La Trobe University has announced an imminent transition to smoke-free campuses, following a state-wide commitment across Victoria’s nine universities to eradicate smoking on campus.
QUIT Victoria has applauded the move, with a spokesperson confirming that the decision will protect Australia’s young adults from any ill-effects.
“What university students need to understand is that people always try to convince themselves that they won’t suffer any ill affects from smoking as long as they quit before a certain age,” the spokesperson tells upstart.
The spokesperson further explains the affect disregarding health warnings can have on a university student’s quality of life.
“Young people who smoke get more coughs and colds, they find it harder to get fit, they are physically exhausted, there’s less oxygen flowing to their brains and lungs which affects study,” the spokesperson says.
Although drastic changes have occurred concerning places at which Victorians can and can’t smoke, it has been received both well, and with some disregard by students who feel strongly towards the issue.
20-year-old student Tom Varacalli, tells upstart that although it doesn’t seem fair to those who do smoke, due to personal experience, he supports the changes in universities.
“I’ve got relatives who have died from lung cancer so I’m quite passionate about the ill effects of smoking,” he says.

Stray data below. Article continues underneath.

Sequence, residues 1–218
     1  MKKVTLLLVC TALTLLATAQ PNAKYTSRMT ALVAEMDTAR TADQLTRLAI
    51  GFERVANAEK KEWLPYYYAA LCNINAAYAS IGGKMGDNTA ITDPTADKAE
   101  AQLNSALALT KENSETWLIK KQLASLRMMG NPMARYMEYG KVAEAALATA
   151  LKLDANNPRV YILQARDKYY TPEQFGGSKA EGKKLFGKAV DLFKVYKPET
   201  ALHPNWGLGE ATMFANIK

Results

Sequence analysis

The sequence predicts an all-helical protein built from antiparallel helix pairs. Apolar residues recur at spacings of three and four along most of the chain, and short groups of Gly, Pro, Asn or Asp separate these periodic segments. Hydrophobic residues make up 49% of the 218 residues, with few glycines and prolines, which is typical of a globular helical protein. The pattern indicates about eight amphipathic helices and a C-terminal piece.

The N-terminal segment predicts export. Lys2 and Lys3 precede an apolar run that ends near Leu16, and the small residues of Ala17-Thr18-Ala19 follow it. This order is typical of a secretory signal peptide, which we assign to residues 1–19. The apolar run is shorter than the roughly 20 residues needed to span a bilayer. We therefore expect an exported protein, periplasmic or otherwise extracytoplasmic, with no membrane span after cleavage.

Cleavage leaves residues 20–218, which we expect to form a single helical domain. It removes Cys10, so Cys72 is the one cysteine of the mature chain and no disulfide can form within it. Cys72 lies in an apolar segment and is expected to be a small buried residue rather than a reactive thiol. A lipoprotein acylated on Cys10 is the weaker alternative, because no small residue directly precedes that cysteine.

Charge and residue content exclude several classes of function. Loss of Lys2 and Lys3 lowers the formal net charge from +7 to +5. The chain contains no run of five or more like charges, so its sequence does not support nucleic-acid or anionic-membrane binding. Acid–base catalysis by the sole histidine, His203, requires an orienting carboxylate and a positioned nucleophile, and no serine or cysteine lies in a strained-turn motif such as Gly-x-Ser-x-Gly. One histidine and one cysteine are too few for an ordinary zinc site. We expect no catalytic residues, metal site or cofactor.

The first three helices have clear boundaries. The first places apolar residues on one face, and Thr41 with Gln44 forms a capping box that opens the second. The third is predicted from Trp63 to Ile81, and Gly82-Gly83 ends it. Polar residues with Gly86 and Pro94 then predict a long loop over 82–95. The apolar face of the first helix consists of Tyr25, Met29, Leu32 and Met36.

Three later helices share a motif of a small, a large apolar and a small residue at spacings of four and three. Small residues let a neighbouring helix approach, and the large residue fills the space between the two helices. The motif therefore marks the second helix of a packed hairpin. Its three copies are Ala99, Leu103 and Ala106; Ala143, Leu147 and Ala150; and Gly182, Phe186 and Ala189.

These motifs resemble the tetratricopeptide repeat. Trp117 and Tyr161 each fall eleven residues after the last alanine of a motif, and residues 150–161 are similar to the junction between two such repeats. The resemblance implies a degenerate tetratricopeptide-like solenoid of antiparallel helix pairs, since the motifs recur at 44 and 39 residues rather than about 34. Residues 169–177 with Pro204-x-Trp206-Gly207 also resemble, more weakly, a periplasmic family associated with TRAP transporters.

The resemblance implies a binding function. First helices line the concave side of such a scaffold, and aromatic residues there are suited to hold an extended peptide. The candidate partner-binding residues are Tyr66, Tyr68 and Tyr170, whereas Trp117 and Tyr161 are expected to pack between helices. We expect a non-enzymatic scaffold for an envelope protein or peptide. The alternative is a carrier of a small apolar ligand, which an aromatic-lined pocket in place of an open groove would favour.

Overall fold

“I’m really glad to see our educational institutions taking a stance to promote better health for future generations.”
Mr Varacalli reveals that his experience of second hand smoking has been difficult, as he has been exposed so much in public spaces, and that due to the size of universities, the new rules might be difficult to police.
“To work, the changes will have to be really closely monitored or else it will be impossible to fully activate it in tertiary education institutions,” he says.
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However not everyone shares the enthusiasm for the puffing ban.
19 year old student Angela Davies is bewildered at the decision and despite being aware of the dangers of the habit, she sees the uni ban as another attack on free choice.
“This ban makes me think that smokers are being singled out,” she says,
“It’s my choice if I want to smoke and we’ve already been banned from lighting up in just about every place so what are we supposed to do now if we can’t smoke at uni?”
However QUIT Victoria is adamant that tough measures such as bans and segregation are necessary in the battle for greater public health.
“In the long term, smoking is the biggest cause of death and disease in Australia, so it’s really important that everyone is works to do everything we can to reduce the toll of smoking on the Australian public,” QUIT’s spokesperson says.
According to the Australian Cancer Society, very few people take up smoking after the age of 25, further promoting the need for bans to extend to areas such as schools and universities.
“If we can promote smoke-free zones in universities during the age at which young adults are studying, they then have a good chance of improving their health, and improving their health in the future,” the spokesperson says.
The debate between majority of opinion concerning smoking has been long drawn out. As institutions make the switch for a ‘brighter future’, the public sphere can only benefit from following such change.